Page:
Zealy History, Family Crest & Coats of Arms

The history of the name Zealy began when it was derived from happy person who had good fortune. It is derive from the Old English word saelig, meaning happy and blessed. [1]

Early listings of the name was typically seen a "sely" and "seli" and was referenced at least twice in Chaucer's Canterbury Tales:

"For sely is that deth, soth for to seyne, That, ofte y- cleped, com'th and endeth peyne"; and

"That Nicholas shal shapen hym a wyle This sely, jalous housbonde to bigyle."

Early Origins of the Zealy family

The surname Zealy was first found in Somerset where the first listings of name were found as a personal name: Sely atte Bergh; Sely Percy; and Sely Scury. All were found in Kirby's Quest temp. 1 Edward III (during the first year's reign of King Edward III. [2] The one exception of the aforementioned was William Sely.

Early feudal rolls provided the king of the time a method of cataloguing holdings for taxation, but today they provide a glimpse into the wide surname spellings in use through the ages. Richard Seli was listed in Lincolnshire c. 1200; Roger le Seli was found in the Pipe Rolls of 1205 in Herefordshire; Roger Cely in Shropshire in 1255; Richard Sely and John Celi in the Subsidy Rolls for Worcestershire in 1275; and Thomas Zely was listed in the Subsidy Rolls for Worcestershire in 1327. Entries were also found as a woman’s name: Sela was listed in the Assize Rolls for Lincolnshire in 1219; Sely filia Nicholai in the Assize Rols for Worcestershire in 1221; and Sely Percy in the Subsidy Rolls for Somerset in 1327. [3]

The Hundredorum Rolls of 1273 has some interesting entries too: William Sely in Oxfordshire; Egidius Sely in Norfolk; and John Sely in Gloucestershire. [4]

Early History of the Zealy family

This web page shows only a small excerpt of our Zealy research. Another 131 words (9 lines of text) covering the years 1618, 1621, 1760, 1602, 1668, 1630, 1623 and 1626 are included under the topic Early Zealy History in all our PDF Extended History products and printed products wherever possible.

Zealy Spelling Variations

The Old and Middle English languages lacked definite spelling rules, and therefore, Breton surnames have many spelling variations. Latin and French, which were the official court languages, were also influential on the spelling of surnames. The spelling of surnames was rarely consistent in medieval times, and scribes and church officials recorded names as they sounded rather than adhering to any specific spelling rules. Therefore, it was common to find the same individual referred to with different spellings of their surname in the ancient chronicles. Moreover, a large number of foreign names were brought into England after the Norman Conquest, which accelerated and accentuated the alterations to the spelling of various surnames. The name has been spelled Cely, Ceeley, Celey, Ceely, Ceiley, Seely, Seeley and others.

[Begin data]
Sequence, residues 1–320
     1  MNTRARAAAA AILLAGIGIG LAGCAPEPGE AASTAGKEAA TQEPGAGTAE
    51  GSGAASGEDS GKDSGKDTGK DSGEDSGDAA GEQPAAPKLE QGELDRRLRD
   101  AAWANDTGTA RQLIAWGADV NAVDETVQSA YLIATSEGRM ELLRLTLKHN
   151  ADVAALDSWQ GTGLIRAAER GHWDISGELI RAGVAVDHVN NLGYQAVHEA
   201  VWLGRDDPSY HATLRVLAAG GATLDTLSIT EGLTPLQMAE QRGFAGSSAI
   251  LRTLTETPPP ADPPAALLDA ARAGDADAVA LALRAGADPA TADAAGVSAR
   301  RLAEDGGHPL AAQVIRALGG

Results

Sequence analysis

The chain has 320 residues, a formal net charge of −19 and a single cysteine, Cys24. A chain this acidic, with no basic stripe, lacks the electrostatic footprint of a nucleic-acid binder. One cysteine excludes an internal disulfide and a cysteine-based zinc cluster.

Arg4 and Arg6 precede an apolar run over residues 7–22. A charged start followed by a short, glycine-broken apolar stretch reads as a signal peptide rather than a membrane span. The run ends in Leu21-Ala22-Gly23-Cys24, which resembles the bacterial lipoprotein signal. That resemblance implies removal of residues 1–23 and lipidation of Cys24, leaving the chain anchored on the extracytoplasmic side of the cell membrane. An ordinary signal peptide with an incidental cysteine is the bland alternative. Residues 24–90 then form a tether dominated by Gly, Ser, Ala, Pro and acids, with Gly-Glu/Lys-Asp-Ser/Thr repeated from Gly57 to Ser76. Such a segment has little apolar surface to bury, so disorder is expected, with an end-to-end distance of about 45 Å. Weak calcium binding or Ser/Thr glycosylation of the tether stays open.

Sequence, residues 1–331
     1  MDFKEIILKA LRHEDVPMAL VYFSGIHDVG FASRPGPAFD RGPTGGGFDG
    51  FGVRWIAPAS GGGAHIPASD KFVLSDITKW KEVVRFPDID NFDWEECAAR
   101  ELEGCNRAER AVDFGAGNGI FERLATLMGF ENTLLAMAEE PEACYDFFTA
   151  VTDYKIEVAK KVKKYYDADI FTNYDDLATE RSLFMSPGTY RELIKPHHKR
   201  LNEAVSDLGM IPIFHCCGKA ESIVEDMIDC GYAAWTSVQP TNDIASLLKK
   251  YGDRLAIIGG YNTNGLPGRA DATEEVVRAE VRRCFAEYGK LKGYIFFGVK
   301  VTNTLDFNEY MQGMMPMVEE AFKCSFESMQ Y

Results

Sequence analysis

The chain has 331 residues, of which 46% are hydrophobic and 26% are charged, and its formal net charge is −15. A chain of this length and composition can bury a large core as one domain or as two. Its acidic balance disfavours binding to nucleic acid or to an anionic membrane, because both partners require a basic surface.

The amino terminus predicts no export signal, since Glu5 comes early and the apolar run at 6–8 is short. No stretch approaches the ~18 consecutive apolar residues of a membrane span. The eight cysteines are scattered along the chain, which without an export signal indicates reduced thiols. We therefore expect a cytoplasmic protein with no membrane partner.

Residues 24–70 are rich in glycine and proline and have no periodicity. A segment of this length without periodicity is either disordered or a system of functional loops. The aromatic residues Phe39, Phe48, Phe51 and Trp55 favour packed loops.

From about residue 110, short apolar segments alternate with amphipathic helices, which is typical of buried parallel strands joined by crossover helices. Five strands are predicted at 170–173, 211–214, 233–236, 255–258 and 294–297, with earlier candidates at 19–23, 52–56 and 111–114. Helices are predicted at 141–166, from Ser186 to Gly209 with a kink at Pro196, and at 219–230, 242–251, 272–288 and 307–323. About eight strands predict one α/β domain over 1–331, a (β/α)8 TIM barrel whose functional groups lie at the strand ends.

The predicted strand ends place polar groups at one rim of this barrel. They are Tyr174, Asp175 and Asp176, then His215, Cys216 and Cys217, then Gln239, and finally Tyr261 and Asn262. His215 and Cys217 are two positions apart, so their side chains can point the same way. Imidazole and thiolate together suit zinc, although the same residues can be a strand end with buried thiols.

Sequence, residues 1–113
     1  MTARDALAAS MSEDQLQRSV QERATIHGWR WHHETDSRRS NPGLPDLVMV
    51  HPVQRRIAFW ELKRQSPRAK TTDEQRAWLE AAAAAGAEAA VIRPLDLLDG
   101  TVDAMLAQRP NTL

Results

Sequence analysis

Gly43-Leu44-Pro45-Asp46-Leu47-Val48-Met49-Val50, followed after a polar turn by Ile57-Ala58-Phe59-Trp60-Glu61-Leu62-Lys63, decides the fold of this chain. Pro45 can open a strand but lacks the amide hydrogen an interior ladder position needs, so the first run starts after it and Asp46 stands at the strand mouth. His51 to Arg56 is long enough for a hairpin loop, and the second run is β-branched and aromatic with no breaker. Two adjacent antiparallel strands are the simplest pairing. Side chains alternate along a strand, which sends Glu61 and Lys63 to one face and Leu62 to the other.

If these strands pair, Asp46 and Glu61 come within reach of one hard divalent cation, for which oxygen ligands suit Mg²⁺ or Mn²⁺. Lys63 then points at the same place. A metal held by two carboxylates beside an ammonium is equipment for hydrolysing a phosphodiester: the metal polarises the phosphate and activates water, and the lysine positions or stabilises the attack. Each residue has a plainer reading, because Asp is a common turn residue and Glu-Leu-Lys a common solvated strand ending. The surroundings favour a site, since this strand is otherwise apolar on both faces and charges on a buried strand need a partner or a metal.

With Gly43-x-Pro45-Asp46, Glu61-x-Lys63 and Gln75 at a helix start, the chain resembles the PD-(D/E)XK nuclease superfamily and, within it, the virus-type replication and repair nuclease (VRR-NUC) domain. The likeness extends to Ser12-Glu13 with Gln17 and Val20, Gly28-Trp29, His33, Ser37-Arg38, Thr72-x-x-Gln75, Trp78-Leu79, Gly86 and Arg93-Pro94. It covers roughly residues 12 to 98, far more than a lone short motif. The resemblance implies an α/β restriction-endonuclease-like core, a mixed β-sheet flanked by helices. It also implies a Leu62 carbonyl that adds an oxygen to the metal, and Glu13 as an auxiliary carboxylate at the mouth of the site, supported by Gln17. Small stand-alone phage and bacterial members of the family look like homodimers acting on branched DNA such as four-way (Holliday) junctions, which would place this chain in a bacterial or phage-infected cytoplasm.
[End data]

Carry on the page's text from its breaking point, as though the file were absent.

Early Notables of the Zealy family (pre 1700)

Notable amongst the family at this time was Sir Benet Celey of Plymouth; and Robert Seeley, also Seely, Seelye, or Ciely, (1602-1668) born in Bluntisham-cum-Earith, Huntingdonshire, he was an early Puritan settler who sailed with John Winthrop to the Massachusetts Bay Colony in 1630 helping establish Watertown, Wethersfield, and New Haven. He was born in Bluntisham-cum-Earith...
Another 55 words (4 lines of text) are included under the topic Early Zealy Notables in all our PDF Extended History products and printed products wherever possible.

United States Zealy migration to the United States +

Early North American records indicate many people bearing the name Zealy were among those contributors:

Zealy Settlers in United States in the 18th Century
  • Martha Zealy, who landed in Philadelphia, Pennsylvania in 1712 [5]

  1. ^ Harrison, Henry, Surnames of the United Kingdom: A Concise Etymological Dictionary Baltimore: Geneological Publishing Company, 2013. Print
  2. ^ Dickinson, F.H., Kirby's Quest for Somerset of 16th of Edward the 3rd London: Harrison and Sons, Printers in Ordinary to Her Majesty, St, Martin's Lane, 1889. Print.
  3. ^ Reaney, P.H and R.M. Wilson, A Dictionary of English Surnames. London: Routledge, 1991. Print. (ISBN 0-415-05737-X)
  4. ^ Bardsley, C.W, A Dictionary of English and Welsh Surnames: With Special American Instances. Wiltshire: Heraldry Today, 1901. Print. (ISBN 0-900455-44-6)
  5. ^ Filby, P. William, Meyer, Mary K., Passenger and immigration lists index : a guide to published arrival records of about 500,000 passengers who came to the United States and Canada in the seventeenth, eighteenth, and nineteenth centuries. 1982-1985 Cumulated Supplements in Four Volumes Detroit, Mich. : Gale Research Co., 1985, Print (ISBN 0-8103-1795-8)

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